Othello is yet another classic by William Shakespeare. It's a play set in the cities of Venice and Cyprus. The characters include Othello, Iago, Brabantio, Cassio, Roderigo, Desmodena and Emilia. These are the main characters that are central to the main themes of the play: betrayal, manipulation, murder and blackmail (Dobson 448).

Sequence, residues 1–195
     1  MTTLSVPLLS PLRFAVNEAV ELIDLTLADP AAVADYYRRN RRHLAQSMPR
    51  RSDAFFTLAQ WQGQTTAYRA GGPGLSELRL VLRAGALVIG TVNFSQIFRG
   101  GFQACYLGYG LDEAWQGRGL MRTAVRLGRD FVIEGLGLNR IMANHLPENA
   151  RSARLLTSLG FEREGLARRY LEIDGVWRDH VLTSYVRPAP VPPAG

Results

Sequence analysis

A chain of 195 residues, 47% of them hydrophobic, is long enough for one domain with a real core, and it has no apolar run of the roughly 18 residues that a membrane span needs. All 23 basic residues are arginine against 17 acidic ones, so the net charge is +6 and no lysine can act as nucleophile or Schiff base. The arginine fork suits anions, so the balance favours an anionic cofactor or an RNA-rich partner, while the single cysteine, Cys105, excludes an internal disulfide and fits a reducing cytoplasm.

Othello is a Moor while Cassio is his lieutenant. Iago is his ancient. Roderigo is a Venetian gentleman who is also a good friend of Iago. The play starts in Venice where Iago and Roderigo talk about their shared hatred for Othello (Shakespeare 7). Roderigo hates Othello for eloping with a girl he loved and Iago hates him for favoring Cassio over him for a lieutenant position. The two therefore plan to sabotage Othello using different methods. Iago manipulates him to believe that his wife Desmodena, Brabantios daughter, is having an affair with Cassio. He implicates Cassio so that Othello would sack and possibly kill him, thus doing a favor to Roderigo, who would be then be the only option for Desmodena in case she leaves Othello after her blood is made dull with the act of sport. (Shakespeare 34) The play ends tragically with several murders and suicide scenarios. Othello's gullibility was the reason why this play ended up like this.